Growing Up With Books

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FOR TEACHERS AND LIBRARIANS

Growing Up With Books

By : Ruskin Bond  /  Nov 2011

Contrary to what we assume today, books were not easily accessible in India in the years of my childhood, the 1930s and 1940s. True, the bigger cities had some fine bookshops, but in the smaller towns we were hard put to find something to read.

Certainly in Jamnagar, where I spent the first six years of my life, there were no bookshops and no libraries. My father had started a small school for the Palace children, and there I learnt to read from the school primers that were current at the time. But at home there was only an old and battered copy of Alice In Wonderland which my father read to me, and a large tome of Nursery Rhymes, which I devoured. By the time I was six I knew all the rhymes by heart. My father made a brief visit to Bombay and came back with a gift edition of Peter Pan, in a handsome blue case, the title embossed in gold. I was so over-awed that I was scared to touch it in case I sullied its physical beauty.

Things were not much better in Dehra Dun, where I spent the next few years. The Club had a library, but we were not members of the Club. My mother possessed two best-sellers, Gone With the Wind and Little Women. I revelled in the latter, but could make no headway with the life and times of Scarlett O’Hara.

My mother and stepfather were fond of shikar, and took me along on one of their weekend excursions into the jungle. The shikar bored me, it being such a one-sided affair (the animals not being equipped with rifles), but in the forest rest-house I discovered a shelf of old books, and thanks to it I made the acquaintance of P.G. Wodehouse, Agatha Christie, W.W. Jacobs, and the ghost stories of M.R. James. Almost seventy years and hundreds of ghost stories later, I still find M.R. James the best writer on the supernatural.

I was sent to a Convent School in Mussoorie, but it had no library; then to a Prep School in Simla, which had a tiny cupboard which they called a library; then to a bigger public school where there was a real library. Not a huge one, but big enough for a boy of twelve.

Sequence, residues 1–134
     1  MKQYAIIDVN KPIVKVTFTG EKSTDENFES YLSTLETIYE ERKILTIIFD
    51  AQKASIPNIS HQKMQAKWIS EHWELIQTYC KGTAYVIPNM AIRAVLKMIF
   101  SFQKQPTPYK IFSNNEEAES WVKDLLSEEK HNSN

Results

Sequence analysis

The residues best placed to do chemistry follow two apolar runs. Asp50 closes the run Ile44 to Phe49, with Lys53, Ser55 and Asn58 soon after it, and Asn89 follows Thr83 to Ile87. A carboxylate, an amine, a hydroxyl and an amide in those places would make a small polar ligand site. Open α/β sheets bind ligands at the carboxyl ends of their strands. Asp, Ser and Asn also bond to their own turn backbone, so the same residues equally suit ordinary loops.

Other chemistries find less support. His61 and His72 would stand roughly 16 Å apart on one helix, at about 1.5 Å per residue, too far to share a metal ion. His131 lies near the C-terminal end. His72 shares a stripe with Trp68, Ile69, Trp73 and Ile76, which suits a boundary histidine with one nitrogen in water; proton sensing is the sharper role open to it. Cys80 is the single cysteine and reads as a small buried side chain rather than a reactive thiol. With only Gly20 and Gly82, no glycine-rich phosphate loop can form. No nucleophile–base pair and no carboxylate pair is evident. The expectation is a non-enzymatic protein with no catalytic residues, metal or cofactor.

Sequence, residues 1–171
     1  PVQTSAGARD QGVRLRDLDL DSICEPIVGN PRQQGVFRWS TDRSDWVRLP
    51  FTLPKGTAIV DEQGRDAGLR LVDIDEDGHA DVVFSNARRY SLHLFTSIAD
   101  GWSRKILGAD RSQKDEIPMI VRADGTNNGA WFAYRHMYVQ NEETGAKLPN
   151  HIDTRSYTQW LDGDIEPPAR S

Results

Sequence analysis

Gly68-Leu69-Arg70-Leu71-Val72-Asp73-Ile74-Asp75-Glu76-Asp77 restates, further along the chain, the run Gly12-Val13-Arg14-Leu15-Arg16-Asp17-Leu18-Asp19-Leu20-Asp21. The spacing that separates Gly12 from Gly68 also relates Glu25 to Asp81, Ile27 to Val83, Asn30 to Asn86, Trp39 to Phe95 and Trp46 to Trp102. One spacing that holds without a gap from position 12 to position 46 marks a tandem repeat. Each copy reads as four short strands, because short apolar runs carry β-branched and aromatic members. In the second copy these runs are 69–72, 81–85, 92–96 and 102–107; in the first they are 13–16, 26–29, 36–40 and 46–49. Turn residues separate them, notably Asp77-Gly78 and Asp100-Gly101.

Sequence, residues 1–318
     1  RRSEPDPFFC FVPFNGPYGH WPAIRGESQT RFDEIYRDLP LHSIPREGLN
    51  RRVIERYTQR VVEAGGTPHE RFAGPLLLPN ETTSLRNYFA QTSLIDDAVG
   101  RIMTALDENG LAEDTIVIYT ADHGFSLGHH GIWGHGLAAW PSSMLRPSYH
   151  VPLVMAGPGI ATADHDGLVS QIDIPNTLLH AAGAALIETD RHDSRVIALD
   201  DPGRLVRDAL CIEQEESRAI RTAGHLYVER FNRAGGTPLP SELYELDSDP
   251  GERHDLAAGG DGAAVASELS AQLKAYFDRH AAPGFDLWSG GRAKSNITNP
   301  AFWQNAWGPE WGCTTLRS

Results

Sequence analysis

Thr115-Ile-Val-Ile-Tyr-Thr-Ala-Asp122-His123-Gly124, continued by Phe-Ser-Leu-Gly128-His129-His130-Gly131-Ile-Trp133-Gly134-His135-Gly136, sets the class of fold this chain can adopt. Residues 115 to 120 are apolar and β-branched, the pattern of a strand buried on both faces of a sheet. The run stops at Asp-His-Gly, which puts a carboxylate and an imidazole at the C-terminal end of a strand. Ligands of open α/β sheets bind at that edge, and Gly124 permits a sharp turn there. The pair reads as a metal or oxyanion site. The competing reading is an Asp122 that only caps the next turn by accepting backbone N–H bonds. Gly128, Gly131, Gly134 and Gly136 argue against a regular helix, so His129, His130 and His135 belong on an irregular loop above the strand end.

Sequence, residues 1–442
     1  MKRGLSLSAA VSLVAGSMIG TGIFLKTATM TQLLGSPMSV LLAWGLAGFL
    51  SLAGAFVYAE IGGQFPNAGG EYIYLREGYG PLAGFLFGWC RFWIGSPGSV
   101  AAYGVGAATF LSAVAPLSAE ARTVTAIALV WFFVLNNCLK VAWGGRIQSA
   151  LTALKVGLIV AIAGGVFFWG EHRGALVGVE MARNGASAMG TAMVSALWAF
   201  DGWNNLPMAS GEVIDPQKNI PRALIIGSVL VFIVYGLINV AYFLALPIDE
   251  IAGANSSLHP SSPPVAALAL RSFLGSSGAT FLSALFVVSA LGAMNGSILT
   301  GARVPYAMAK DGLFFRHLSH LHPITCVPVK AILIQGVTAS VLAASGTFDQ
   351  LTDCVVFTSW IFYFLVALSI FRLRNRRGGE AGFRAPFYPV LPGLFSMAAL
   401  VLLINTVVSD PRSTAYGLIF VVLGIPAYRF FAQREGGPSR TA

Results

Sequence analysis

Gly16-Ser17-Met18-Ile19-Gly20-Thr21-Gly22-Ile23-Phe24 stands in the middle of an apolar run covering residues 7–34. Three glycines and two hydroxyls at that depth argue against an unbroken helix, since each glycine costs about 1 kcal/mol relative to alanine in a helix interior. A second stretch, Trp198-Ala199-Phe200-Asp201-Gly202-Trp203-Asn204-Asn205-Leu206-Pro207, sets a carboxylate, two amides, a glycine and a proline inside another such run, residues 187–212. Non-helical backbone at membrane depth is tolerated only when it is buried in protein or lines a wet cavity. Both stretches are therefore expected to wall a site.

Here, at Bishop Cotton’s I discovered Dickens, and journeyed steadily through almost all his works, my favourites being David Copperfield and Nicholas Nickleby. I also devoured the plays of Bernard Shaw, J.M. Barrie, and J.B. Priestley. Priestley’s wonderful novel, The Good Companion, made a great impression. As did the short stories of Joseph Conrad, Somerset Maugham, William Saroyan, and H.E. Bates. Bates’s lyrical stories of the English countryside were to be a strong influence on my own writing. Tagore’s plays and poems, and Rumer Godden’s early novels, also played their part in my literary development.

In my last year at school I was given charge of the library, which meant that the keys were kept with me. So, whenever I had some spare time, or whenever there was a holiday and the other boys were rushing around with cricket bats or hockey sticks, I would slip off to the library where I knew I would not be disturbed (schoolboys were even more averse to reading than they are now), and explore the many bookshelves and their treasures.

A year later, back in my hometown of Dehra Dun, I was writing my own stories and submitting them to the editors of magazines. My first short story was published in The Illustrated Weekly Of India in August 1951.

And believe it or not, dear reader, I had not, till then, stepped inside a single bookshop!

Ruskin Bond, a well-known writer of books for children, lives in Mussoorie.